Distribution of intranasal 11C-zolmitriptan assessed by positron emission tomography


Professor Mats Bergström, Uppsala Imanet, University Hospital, S-751 85 Uppsala, Sweden. Tel. + 46 1866 6860, fax + 46 1866 6819, e-mail mats.bergstrom@uppsala.imanet.se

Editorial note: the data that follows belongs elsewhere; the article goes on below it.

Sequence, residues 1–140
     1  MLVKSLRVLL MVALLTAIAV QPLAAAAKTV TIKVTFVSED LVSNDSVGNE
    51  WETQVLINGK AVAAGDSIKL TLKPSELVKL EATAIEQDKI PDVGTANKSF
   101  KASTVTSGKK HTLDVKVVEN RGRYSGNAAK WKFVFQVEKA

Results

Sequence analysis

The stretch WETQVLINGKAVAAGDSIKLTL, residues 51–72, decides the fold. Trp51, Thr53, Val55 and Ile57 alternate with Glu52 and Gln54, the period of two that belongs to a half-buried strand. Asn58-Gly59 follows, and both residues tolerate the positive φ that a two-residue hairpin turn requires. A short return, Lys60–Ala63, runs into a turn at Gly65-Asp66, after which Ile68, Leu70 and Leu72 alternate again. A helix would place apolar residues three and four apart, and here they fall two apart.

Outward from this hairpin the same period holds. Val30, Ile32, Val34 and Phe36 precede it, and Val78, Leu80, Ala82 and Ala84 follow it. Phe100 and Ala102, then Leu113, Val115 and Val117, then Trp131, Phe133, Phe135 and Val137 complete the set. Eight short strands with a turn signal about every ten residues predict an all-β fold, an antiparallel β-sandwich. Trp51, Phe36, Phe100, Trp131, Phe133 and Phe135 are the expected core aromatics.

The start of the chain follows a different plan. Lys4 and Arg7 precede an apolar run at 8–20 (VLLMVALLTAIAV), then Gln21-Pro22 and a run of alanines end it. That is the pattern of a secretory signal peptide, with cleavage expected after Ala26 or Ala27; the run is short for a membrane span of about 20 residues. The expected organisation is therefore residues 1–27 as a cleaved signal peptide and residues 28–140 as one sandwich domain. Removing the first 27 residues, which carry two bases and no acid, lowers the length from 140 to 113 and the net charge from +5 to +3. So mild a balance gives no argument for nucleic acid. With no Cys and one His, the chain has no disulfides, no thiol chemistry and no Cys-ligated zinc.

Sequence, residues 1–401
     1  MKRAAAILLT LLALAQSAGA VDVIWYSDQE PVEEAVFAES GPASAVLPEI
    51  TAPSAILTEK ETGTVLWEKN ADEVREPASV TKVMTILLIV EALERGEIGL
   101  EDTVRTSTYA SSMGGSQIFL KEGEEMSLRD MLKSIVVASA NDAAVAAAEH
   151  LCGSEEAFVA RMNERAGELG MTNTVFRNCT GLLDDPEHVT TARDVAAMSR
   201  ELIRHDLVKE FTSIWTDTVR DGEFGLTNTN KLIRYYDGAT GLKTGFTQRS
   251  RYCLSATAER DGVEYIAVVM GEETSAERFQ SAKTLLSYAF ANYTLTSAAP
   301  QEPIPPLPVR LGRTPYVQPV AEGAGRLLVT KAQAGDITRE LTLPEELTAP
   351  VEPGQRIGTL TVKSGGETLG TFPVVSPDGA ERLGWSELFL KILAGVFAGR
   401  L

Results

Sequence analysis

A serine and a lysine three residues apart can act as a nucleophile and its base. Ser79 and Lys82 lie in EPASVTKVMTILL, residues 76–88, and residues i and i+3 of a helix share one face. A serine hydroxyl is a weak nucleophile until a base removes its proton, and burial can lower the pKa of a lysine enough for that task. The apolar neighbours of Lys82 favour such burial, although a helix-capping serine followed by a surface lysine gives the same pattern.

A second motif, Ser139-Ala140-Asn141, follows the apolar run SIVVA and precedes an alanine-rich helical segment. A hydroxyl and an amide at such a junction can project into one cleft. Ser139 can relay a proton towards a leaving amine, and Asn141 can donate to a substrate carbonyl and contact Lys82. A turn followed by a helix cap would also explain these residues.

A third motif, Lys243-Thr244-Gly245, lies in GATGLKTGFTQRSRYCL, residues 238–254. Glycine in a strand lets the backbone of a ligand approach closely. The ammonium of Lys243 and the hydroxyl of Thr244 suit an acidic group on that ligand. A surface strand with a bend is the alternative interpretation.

Nine healthy volunteers aged 18–28 years were recruited into this open, single-centre, two-phase trial. In phase 1, two volunteers received a single dose of 11C-zolmitriptan 2.5 mg administered as a nasal spray and then underwent positron emission tomography (PET) scanning to determine the most appropriate times for scanning in phase 2. In phase 2, six volunteers received two doses and an additional volunteer one dose of 11C-zolmitriptan 2.5 mg intranasally. Volunteers underwent PET scanning over sectors covering one of the nasopharynx, lungs or abdomen, for up to 1.5 h postdose. The brain was also scanned and plasma zolmitriptan levels were measured. Almost 100% of the administered dose was detected in the nasopharynx immediately after dosing. This declined thereafter to about 50% at 20 min and to 35% at 80 min after dosing. Radioactivity appeared slowly in the upper abdomen, with 25% of given radioactivity detected at 20 min and persisting until 80 min after dosing. Minimal radioactivity was detected in the lungs. Radioactivity was detectable within brain tissue suggesting central penetration of zolmitriptan. Zolmitriptan in plasma had approached its maximum concentration by 15 min postdose. The data indicate initial absorption across the nasal mucosa contributing to an early systemic availability. 11C-Zolmitriptan administered intranasally was well tolerated.